Freya and Charlie are, as the saying goes, thicker than thieves. Starting the Wild Chicks may have been Charlie’s idea, but would the girl gang really have formed without Freya?
This week, we’re taking a look at the leader of the (in)famous girl gang: Charlie of The Wild Chicks!
Is it February already? This week, we finished Telling to Live, the collection by the Latina Feminist Group that we began earlier in January. The stories in Telling to Live are moving, living testimonies, and show diverse Latina experiences that are often underrepresented, both within literature in particular, and American society in general. The book’s introduction talks about how that lack of representation—stories by, for, and about Latina women—in some ways served as a catalyst for gathering the collection.
We have a big announcement from Cornelia and filmmaker Guillermo del Toro: the novelization of Pan’s Labyrinth that they’ve collaborated on, will be published in the US and UK on July 2nd, 2019! Cornelia worked with del Toro on The Labyrinth of the Faun for several years, exchanging drafts and notes. Alongside the novelization of his story, Cornelia also wrote nearly a dozen short stories, offshoots of the original tale often about characters on the periphery, which expand upon motifs from the original.
There will be dragons in 2019! If you’ve visited the Writing Barn lately, you may have noticed that Cornelia’s January to-do list includes “Dragon Rider book 3”, so it seems like Ben and Firedrake may be flying into a new adventure! And, While it’s too early to say when the third Dragon Rider book will be published, there will be new Dragon Rider stories in fall 2019—an animated film called Dragon Rider, based on the first book in the series!
Our reading list this month features two uniquely framed collections of poetry—Nikita Gill’s Fierce Fairytales: Poems & Stories to Stir Your Soul and Diane Ackerman’s Origami Bridges—and a collection of Latina feminist testimonios called Telling to Live. Each collection has a perspective, tone, and language distinctly its own but, picking each up in turn, I was struck by the threads connecting each of them.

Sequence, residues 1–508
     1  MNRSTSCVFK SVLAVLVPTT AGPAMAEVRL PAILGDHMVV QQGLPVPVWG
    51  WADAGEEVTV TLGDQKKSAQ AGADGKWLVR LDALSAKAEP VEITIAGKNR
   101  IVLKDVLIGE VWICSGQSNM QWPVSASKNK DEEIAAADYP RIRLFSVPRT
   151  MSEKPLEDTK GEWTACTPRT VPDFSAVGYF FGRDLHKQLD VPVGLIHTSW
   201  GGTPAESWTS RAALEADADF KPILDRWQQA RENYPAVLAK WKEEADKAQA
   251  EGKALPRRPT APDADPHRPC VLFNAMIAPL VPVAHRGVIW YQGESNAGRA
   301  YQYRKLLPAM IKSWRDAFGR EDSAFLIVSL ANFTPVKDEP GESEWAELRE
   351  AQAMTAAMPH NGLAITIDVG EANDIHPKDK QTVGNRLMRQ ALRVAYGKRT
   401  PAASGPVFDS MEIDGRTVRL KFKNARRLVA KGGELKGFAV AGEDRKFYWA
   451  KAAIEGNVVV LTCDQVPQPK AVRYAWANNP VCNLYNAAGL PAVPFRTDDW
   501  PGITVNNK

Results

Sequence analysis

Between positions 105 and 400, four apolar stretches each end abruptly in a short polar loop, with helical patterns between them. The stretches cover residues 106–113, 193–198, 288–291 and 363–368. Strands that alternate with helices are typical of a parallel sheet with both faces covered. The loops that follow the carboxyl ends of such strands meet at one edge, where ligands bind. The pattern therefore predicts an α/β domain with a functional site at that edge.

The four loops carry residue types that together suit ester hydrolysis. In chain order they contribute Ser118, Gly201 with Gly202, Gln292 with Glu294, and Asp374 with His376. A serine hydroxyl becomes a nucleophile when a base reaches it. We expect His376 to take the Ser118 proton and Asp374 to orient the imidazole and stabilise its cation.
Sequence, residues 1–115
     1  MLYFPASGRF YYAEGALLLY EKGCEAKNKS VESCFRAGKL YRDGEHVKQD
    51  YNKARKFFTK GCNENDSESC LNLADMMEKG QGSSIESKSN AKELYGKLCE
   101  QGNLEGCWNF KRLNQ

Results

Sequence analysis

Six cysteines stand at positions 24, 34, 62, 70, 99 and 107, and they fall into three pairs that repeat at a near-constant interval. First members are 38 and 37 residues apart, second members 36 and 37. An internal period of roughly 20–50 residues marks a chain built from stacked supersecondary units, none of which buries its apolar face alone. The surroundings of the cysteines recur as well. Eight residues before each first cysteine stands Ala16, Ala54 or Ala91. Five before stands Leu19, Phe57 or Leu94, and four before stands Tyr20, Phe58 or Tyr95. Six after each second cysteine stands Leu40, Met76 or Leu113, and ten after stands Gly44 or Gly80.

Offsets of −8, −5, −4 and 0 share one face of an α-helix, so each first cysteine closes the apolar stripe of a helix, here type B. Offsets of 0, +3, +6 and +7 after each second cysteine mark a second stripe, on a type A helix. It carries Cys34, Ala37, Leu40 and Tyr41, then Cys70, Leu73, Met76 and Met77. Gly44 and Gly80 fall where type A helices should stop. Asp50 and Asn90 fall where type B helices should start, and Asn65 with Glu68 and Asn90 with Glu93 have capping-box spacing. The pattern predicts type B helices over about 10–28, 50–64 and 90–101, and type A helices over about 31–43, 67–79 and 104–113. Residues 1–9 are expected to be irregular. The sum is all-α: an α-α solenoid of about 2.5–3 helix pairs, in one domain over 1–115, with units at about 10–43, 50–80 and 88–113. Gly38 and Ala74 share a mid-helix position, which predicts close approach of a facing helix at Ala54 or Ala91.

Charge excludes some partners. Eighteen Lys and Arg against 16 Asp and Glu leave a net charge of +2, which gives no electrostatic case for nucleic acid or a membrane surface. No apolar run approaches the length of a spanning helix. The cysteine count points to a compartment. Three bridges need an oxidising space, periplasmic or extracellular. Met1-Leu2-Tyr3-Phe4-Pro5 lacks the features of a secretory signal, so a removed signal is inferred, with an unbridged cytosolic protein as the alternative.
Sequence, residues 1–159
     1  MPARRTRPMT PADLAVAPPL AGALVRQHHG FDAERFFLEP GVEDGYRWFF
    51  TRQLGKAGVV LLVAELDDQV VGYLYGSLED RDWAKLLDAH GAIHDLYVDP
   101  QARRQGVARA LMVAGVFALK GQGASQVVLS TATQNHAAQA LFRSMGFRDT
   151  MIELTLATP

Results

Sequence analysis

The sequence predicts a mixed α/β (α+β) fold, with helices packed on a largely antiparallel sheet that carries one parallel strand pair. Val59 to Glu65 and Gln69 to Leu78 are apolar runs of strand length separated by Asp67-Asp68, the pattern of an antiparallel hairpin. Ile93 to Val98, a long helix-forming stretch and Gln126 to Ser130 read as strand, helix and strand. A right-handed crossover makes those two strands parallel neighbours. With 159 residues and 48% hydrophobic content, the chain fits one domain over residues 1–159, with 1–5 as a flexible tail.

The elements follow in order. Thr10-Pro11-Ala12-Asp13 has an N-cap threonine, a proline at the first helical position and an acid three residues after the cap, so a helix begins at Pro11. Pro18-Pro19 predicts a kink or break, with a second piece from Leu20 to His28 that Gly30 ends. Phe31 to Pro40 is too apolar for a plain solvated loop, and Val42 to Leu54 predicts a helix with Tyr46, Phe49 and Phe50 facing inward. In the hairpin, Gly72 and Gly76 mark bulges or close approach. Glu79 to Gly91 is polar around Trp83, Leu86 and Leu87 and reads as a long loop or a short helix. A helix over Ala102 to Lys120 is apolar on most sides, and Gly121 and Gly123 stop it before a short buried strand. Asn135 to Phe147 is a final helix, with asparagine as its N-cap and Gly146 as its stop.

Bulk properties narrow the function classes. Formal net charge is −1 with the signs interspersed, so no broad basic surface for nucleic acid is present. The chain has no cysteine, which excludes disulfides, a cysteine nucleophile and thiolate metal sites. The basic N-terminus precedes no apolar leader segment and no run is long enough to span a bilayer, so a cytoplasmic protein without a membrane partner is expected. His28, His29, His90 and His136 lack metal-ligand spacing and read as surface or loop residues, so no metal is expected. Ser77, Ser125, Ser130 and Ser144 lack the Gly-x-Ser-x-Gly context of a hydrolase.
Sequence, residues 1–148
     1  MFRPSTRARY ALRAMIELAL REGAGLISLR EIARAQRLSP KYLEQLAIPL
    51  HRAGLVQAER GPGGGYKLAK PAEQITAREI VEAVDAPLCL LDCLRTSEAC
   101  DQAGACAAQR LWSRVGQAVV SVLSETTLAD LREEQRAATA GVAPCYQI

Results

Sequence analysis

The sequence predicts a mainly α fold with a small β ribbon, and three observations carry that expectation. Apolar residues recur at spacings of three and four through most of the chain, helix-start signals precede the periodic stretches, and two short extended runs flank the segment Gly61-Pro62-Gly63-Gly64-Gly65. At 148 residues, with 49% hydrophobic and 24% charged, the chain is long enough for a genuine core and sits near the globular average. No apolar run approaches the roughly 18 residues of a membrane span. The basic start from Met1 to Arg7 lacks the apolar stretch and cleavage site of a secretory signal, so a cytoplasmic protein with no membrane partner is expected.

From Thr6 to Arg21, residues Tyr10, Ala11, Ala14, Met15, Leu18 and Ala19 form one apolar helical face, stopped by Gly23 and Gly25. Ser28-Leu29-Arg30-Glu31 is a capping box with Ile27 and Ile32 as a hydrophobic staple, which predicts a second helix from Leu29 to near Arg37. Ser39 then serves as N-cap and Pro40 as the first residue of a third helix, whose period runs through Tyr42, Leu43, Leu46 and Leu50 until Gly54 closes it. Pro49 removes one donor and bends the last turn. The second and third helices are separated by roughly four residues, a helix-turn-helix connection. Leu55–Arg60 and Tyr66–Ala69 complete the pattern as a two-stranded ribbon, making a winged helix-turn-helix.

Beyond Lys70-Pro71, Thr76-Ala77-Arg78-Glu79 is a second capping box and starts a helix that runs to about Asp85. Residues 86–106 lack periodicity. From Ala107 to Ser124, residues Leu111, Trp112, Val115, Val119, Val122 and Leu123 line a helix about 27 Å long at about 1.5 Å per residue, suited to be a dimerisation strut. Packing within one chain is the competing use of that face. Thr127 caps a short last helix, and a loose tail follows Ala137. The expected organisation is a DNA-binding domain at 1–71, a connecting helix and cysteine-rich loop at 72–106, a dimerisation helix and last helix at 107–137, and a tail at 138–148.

As the beginning of the new year approaches, it’s a time of year when many of us think about our goals, intentions, and plans for the next twelve months. While we’re not super into the resolution-making spirit (make changes & plan for growth whenever and however it works for you), there is one resolution we’d like to bring into the new year: reading more intentionally, more widely, and more inclusively.
Many folklore traditions around the world reference snow queens, winter witches, and other powerful female figures who appear when the nights grow long and the weather cold. These winter witches buck tradition by relying on their own choices and magical powers, asserting agency, meting out good & bad, punishments & mercy:
Picture this: gathering with loved ones on Christmas Eve, exchanging a small gift (spoiler alert: it’s a book), then each cozying up somewhere to read with a hot beverage, maybe a fireplace crackling, a furry friend if you’re so lucky...doesn’t that sound lovely?
In Iceland, that’s the yearly Christmas Eve tradition!
It’s no surprise that we might have a penchant for folklore here at Breathing Books…after all, the Reckless series, and so many of Cornelia’s magical stories, draw from folk and fairytales! While many of us are most familiar with Anglo-centric and European folklore, all around the world there are rich oral traditions, magical stories, and centuries of lore told by firesides. Through the Water Curtain (Pushkin Press), an anthology of global folktales curated by Cornelia Funke, explores folklore from oral traditions in Japan, Siberia, Germany, and beyond.
Here are just a few folktales from around the world that we’ve grown to love: